A couple of months ago I received a call from a gentleman who said he was looking for Jim Ford’s daughter (that’d be me), and that he had worked for my dad in the late ‘40’s-early ‘50’s when Dad had an exotic foreign car dealership in Evanston, Illinois. My dad has been gone for over 15 years now, so the call was a delightful surprise. Turned out to be Fred Egloff, whose professional accomplishments go far beyond publishing the history of the checkered flag.
Before the availability of reliable two-way radios, flags were the only real communication from race officials to drivers. They still wave today for that same purpose. And sometimes radios malfunction, leaving flags the only way to relay messages to racers. And, radios still aren’t used at many dirt tracks and lower-level speedways. Flags also tell the fans what’s happening.
Today the checkered flag is the universal symbol for conclusion, and its use has spread beyond auto racing. The next time you finish a download and see a checkered flag, think of the early days of racing, and thank Sid Waldon for the idea, and Fred Egloff for his research.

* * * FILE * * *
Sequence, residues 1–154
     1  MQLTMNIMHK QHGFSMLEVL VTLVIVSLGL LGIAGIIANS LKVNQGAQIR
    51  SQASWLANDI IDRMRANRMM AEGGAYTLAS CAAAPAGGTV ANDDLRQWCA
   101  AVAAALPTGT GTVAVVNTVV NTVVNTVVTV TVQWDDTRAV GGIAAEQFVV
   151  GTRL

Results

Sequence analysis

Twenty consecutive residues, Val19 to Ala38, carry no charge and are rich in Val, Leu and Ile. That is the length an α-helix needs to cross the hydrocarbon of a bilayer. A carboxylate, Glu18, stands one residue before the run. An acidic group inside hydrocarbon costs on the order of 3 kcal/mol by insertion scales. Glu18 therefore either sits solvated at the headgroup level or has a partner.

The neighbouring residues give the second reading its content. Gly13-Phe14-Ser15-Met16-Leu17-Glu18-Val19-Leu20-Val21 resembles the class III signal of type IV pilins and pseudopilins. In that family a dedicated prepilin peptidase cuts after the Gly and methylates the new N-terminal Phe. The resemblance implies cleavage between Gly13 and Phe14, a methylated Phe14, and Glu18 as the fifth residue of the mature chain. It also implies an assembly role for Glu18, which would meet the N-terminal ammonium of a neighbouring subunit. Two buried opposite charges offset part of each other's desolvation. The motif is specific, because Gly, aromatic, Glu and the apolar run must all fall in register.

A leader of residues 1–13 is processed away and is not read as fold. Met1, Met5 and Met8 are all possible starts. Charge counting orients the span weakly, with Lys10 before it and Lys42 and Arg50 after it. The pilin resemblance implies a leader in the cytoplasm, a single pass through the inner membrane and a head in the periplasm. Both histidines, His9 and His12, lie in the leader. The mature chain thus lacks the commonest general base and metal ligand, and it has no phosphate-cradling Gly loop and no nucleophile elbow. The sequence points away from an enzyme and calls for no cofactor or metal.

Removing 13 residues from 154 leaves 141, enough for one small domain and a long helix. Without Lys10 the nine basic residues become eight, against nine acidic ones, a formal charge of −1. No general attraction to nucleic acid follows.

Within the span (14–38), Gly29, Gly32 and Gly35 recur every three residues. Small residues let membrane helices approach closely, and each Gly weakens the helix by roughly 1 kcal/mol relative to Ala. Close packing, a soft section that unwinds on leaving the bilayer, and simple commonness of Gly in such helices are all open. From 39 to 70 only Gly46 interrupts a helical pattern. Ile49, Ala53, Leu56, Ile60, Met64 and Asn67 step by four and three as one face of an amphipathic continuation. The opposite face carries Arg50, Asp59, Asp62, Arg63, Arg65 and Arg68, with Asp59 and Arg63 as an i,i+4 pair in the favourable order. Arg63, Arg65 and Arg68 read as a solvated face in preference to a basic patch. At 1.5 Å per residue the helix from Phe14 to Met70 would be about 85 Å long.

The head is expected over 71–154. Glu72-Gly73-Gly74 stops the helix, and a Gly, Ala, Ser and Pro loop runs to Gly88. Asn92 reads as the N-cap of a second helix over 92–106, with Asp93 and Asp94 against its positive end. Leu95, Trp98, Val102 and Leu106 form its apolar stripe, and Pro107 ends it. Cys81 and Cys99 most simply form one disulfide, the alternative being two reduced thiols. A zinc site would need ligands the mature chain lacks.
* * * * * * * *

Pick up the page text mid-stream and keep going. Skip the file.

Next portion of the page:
Mike: Air race season beings March 29 in Sherman, Texas. We’ll be flying fast for the checkered flag.

March 18, 2014 About Flying

The Liberty Gazette
March 18, 2014
Ely Air Lines
By Mike Ely and Linda Street-Ely

Mike: Whether your type is stick-‘n-rudder, cyclic and collective, kerosene burner, quiet glider, full of hot air, or a ground-bound lover of aviation, this is your little corner of the paper for aviation stories from everywhere.
Did you know the average age range of today’s student pilot is in their 30’s? The average actively flying private pilot is in his or her 40’s, and many over 50 are now fulfilling their lifelong ambition to fly.
What draws us to aviation? Well, the view for one thing. Experiencing the dimension of altitude means your world is no longer flat, and we humans are attracted to fullness. The next time you’re in a store, notice how the displays fill the entire store. Retailers know this is appealing to consumers, and that “flat is bad.” Flying gives us an experience of fullness in a whole new way, a perspective on the world denied when gravity isn’t defied.